The Feeling of Cinematic Beauty
Shunji Iwai’s films are known for their unique beauty, and they have a passionate following across Asia. Iwai says the inspiration for his work comes largely from his childhood and adolescence.
The following are excerpts from our interview.
The thing about movies is that they can more or less be understood regardless of where you’re from. In that way, they have the power to move each and every one of us. As a filmmaker, that’s the kind of entertainment
I strive to create.
I think my creativity has been greatly informed by my early childhood, as well as my adolescence. And although I’ve grown up and become an adult, there has always been a part of me that identifies with those vivid memories of my youth.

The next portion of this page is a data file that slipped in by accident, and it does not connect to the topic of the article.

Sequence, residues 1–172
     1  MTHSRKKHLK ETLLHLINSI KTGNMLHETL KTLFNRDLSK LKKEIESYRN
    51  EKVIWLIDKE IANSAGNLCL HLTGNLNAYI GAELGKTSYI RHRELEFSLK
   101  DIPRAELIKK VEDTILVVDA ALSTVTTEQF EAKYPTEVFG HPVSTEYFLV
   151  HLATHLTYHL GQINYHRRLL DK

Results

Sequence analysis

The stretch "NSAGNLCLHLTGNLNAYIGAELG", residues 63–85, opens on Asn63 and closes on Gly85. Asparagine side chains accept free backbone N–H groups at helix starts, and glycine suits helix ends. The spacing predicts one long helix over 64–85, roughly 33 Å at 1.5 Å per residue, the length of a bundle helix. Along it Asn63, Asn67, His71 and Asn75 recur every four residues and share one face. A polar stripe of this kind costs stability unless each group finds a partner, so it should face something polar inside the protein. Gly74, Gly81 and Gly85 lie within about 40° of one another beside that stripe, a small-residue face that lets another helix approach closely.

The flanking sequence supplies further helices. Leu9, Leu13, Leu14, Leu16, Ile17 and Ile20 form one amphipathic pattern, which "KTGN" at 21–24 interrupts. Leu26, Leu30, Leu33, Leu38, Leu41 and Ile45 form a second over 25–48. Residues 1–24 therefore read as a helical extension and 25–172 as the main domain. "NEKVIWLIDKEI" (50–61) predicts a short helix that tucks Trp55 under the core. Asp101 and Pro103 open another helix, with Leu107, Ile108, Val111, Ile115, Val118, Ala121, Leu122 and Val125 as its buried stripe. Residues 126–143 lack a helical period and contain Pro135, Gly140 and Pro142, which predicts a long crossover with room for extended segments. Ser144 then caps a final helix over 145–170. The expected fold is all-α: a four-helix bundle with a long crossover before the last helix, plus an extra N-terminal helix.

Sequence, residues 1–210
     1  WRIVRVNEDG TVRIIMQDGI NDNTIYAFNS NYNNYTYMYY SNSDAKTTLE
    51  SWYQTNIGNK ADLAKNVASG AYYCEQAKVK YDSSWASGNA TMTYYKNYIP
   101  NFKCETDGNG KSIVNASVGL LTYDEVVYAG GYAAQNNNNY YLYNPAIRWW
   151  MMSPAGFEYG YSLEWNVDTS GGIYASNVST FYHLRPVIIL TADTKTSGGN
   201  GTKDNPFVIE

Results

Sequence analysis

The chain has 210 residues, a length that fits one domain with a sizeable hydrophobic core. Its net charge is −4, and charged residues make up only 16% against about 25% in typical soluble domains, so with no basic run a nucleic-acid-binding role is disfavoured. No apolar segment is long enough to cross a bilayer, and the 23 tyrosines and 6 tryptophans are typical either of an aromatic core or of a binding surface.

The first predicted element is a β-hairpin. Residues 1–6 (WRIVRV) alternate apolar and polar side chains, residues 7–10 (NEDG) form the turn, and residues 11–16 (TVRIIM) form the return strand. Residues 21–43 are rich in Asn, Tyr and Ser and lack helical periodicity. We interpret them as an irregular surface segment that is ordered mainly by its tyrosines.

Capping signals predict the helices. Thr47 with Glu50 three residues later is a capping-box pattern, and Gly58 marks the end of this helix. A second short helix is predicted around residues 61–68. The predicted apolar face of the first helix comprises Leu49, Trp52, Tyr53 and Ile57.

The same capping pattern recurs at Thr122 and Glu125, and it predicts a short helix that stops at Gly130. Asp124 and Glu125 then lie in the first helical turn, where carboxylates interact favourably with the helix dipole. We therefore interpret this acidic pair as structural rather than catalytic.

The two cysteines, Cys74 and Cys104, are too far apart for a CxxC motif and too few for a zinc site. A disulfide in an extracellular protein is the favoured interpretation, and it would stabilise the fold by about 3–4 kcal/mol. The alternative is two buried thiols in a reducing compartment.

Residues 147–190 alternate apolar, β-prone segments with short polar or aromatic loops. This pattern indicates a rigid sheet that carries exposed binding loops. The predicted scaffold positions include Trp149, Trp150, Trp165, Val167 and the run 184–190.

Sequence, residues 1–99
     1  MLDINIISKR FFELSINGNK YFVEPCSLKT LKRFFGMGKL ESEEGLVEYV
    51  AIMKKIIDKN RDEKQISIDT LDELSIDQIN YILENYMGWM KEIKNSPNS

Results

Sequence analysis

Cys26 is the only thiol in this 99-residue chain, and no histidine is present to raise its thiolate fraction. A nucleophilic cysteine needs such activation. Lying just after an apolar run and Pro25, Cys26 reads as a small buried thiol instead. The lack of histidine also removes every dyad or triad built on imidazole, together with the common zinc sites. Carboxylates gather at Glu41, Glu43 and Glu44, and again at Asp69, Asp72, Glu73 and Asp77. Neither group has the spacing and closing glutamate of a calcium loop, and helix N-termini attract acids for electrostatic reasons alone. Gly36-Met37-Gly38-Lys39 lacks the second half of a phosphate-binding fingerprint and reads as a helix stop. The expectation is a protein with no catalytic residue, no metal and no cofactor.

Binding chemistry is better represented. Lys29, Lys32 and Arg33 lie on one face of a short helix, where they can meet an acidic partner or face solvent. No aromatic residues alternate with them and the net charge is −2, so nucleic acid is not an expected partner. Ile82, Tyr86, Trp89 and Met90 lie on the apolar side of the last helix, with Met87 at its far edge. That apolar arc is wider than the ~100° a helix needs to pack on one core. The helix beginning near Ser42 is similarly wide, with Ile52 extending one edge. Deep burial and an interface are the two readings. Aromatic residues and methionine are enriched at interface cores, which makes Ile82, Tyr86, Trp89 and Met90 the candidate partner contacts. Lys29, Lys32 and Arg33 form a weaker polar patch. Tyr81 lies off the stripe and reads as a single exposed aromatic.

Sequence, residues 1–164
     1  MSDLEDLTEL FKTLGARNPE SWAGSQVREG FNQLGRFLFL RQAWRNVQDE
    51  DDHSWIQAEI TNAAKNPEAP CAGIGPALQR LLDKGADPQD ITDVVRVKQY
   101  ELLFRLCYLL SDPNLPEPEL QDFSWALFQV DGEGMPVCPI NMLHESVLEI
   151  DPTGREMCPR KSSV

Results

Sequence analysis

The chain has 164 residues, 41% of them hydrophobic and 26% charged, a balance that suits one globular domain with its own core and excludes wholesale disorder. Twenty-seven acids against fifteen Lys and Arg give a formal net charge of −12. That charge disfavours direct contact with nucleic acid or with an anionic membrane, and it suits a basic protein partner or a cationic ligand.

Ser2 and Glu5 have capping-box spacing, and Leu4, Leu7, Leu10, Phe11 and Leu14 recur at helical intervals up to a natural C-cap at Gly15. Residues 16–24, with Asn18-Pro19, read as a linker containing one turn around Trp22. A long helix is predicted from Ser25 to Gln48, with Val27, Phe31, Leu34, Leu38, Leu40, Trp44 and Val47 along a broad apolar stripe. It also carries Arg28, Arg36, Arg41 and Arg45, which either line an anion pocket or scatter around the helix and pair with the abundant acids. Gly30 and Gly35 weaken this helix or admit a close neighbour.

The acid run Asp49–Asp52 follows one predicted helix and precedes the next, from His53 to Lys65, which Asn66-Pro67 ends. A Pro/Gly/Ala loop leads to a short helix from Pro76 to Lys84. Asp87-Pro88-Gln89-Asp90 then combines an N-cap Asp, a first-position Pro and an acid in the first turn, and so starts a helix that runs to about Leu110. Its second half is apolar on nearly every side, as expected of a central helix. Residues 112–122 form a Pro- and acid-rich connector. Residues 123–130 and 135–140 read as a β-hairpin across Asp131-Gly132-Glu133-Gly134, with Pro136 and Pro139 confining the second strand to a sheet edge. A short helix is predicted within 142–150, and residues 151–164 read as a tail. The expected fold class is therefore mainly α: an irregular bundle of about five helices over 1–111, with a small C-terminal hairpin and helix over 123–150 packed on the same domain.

You could even go so far as to say that I don’t find much to be excited about in “real” adult life. That’s how I feel. Real life is tough. The world can be a cold place. And so, while I could portray that world on screen,
I don’t think I would ever be able to present it as something that’s fresh or exciting. I really don’t think so.
“Uncompressed high definition.” As children, we experience time and reality uncompressed, and in HD. But the older and more world-weary we get, the more compressed it all becomes. We convince ourselves that tomorrow will be no different from today. Life increasingly becomes a blur. And then one day we find ourselves asking where our lives went. This is what I mean when I say that real life can be tough and cold.
That’s why it’s so important that we hold on to that wide-eyed wonder we had as children. We have to really savor the time that we do have. The here and the now. You have to linger on it. That’s been on my mind a lot these days.